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Justifying the History in Bruen
Mike Rappaport

A great deal of attention has been paid to the account of history in Justice Thomas’s opinion in Bruen.  What justifies, under an originalist approach, looking at the history (1) leading up to and following the 2nd Amendment’s enactment and (2) leading up to and following the 14th Amendment’s enactment?  One way to understand it is that the history in (1) explicates the 2nd Amendment and the history in (2) explicates the 14th Amendment.  But it is not clear why both periods need to be discussed.  The Court should just figure out which Amendment matters and then explore the history for that Amendment.

But there is a way where Bruen's discussion of the history makes more sense.  One way to understand applying the right to bear arms against the states is to view the Privileges or Immunities Clause as protecting the basic rights that citizens have enjoyed in free states in England and in America.  This way of viewing the Privileges or Immunities of Citizens of the United States derives from language in Corfield v. Coryell, which significantly influenced the enactors of the 14th Amendment.  That language stated:   

The inquiry is, what are the privileges and immunities of citizens in the several states? We feel no hesitation in confining these expressions to those privileges and immunities which are, in their nature, fundamental; which belong, of right, to the citizens of all free governments; and which have, at all times, been enjoyed by the citizens of the several states which compose this Union, from the time of their becoming free, independent, and sovereign. What these fundamental principles are, it would perhaps be more tedious than difficult to enumerate.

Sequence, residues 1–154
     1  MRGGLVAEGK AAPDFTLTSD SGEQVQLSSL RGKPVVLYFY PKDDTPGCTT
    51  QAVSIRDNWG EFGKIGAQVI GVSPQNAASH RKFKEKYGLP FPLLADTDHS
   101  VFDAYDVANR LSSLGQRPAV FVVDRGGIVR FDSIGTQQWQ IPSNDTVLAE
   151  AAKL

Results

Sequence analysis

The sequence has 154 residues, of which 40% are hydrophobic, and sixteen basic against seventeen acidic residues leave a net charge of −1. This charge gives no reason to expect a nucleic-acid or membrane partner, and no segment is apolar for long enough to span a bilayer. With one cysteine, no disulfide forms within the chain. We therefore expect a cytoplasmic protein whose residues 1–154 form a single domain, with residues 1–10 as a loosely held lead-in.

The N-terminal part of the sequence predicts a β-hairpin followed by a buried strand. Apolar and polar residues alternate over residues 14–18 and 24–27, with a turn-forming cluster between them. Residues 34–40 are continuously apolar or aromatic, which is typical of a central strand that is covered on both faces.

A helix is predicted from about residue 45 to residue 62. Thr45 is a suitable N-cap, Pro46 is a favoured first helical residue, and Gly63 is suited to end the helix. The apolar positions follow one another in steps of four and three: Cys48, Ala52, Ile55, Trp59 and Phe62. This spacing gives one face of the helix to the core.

Under this view of the 14th Amendment, those fundamental rights included many common law rights as well as the rights in the Bill of Rights – the latter, not because they are part of the Bill, but because those rights happened to be fundamental. 

The right to bear arms would then be a fundamental right.  And to understand the content of that right, one would need to examine it for the period it existed.  This would require an inquiry into its content in the free government of England, in the American colonies, and in the states from the time of independence until the enactment of the 14th Amendment.  One would also want to look at the period shortly after the enactment of the 14th Amendment for insight as to how the right was understood at the time of enactment.  

Thus, one can justify much of the scope of Justice Thomas’s historical inquiry by theorizing the right as one of the (unenumerated) fundamental rights that were protected by the 14th Amendment.  The problem is that this view of the right being protected does not appear to be the one that the Court has taken in Bruen.